The red meat industry and many who support it have recently been highlighting an alternative method for measuring the global warming potential (GWP) of methane, a potent greenhouse gas that is prominent in animal agriculture. The new metric is known as GWP* (or GWP Star).
Is the attention justified? This article considers that question under the following headings:
- What is GWP?
- What is GWP*?
- A cooling impact can be reported when emission rate is falling under GWP* despite an emission pulse’s warming impact
- The shorter-lived nature of methane is already reflected in GWP
- “Flow” and “Stock” categories are subjective
- Methane concentrations have increased alarmingly
- No matter the source of methane, it is “carbon on steroids”
- Criticism from prominent climate scientists
- Other alternatives to GWP
- Other problems with methane
- Other problems with animal agriculture
What is GWP?
Under the United Nations Framework Convention on Climate Change (UNFCCC), the emissions of different greenhouse gases are aggregated for measurement purposes by converting them to carbon dioxide equivalents or CO2-e. It is analogous to converting different currencies to a common denomination.
The greenhouse gases are converted to CO2-e by multiplying the mass of emissions by the relevant GWP, representing the radiative forcing (a precursor to temperature change) of a unit mass of the gas relative to that of CO2 over a specific period. [Footnote 1]
Over a 100-year time horizon (GWP100), the GWP for methane is 28 before allowing for the effect of climate-carbon feedbacks and 34 with those feedbacks. 
The GWP over a 20-year time horizon (GWP20) is 84 before allowing for feedbacks and 86 with them.
Why are the multipliers higher over the shorter time horizon than the longer? It is because methane breaks down to a large extent within around twelve years. The longer the time horizon used for measuring the impact of a single pulse emission, the more diluted the average warming impact and the lower the GWP. [Footnote 2]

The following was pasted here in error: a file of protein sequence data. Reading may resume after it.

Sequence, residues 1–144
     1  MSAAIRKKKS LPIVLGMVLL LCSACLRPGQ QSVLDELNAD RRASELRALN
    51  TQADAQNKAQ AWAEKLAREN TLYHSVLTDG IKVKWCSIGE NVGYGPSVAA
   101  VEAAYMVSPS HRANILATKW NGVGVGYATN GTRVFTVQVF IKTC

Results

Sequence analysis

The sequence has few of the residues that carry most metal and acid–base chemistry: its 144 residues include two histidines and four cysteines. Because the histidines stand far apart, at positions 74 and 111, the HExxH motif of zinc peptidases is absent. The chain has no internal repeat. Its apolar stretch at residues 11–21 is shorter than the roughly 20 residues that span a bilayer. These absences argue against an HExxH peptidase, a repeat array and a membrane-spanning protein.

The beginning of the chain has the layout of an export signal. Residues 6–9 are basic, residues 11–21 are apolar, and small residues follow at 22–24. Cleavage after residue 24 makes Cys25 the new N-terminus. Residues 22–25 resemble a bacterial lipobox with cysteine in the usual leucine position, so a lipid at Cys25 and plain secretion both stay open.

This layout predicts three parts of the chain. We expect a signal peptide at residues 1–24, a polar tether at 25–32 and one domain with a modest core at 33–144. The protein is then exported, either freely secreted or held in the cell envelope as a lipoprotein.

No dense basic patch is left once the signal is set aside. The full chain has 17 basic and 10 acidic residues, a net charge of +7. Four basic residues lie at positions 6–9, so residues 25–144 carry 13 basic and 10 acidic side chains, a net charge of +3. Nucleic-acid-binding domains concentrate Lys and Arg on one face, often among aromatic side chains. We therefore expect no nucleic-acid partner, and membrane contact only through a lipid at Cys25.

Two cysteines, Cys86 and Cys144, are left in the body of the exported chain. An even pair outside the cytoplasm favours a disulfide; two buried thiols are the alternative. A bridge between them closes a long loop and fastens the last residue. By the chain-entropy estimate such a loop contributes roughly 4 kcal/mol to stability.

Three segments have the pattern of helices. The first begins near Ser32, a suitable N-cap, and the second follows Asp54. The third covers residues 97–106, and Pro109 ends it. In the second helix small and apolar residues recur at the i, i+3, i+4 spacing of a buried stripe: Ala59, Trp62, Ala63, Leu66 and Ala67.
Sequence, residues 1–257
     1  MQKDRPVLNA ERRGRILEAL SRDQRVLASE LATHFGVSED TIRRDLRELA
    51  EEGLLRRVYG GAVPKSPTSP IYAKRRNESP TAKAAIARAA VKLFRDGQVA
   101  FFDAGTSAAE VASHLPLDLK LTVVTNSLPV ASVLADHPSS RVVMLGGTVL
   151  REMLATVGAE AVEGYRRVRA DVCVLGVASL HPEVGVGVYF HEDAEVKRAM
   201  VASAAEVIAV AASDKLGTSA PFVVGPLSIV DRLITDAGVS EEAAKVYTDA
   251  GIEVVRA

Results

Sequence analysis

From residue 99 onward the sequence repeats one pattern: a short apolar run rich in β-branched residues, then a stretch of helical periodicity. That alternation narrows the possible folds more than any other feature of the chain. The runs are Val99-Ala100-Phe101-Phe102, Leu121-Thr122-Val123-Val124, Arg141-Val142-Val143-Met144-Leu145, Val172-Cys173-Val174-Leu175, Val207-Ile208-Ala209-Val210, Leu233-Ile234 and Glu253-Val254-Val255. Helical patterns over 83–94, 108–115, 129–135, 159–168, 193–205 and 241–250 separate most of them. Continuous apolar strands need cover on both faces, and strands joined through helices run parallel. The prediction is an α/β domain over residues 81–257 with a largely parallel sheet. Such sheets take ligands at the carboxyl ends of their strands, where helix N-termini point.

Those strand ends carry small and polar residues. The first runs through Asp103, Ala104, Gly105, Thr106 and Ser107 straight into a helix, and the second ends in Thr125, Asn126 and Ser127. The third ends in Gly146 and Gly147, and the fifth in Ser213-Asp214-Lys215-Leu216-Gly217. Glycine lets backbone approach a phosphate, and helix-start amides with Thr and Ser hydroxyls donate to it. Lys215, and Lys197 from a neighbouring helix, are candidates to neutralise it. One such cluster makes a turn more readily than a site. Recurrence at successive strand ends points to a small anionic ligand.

What is GWP*?
The new metric, GWP*, was proposed by Prof. Myles Allen and Dr Michelle Cain from the University of Oxford and fellow researchers in papers published in 2018 and 2019. Although their work was relevant to what they consider to be short lived greenhouse gases in general, they have focused on methane for the purpose of explaining the concept.   
The GWP* formula incorporates conventional GWP along with adjustments reflecting the changing rate of emissions over a given time period.
The converted emissions are expressed as CO2-we (CO2-warming equivalent) rather than CO2-e.
The authors focused on the supposed “flow” quality of methane. They contend that a kilogram of the gas emitted today is simply replacing a kilogram released previously, which has since largely broken down, with no change in temperature from the new emission pulse.
They contend that such is not the case with a long-lived “stock” gas such as CO2, which they note accumulates in the atmosphere over time.
In terms of atmospheric concentrations, the authors treat a permanent increase in the emission rate of a short-lived pollutant in the same way as a single pulse of a long-lived pollutant because each would result in an ongoing presence in the atmosphere of the relevant gas.
The findings from the first paper were fine-tuned in the second, allowing for the fact that some additional long-term warming will occur from methane emissions because of the climate system adjusting in response to those emissions in order to maintain equilibrium between incoming and outgoing radiation.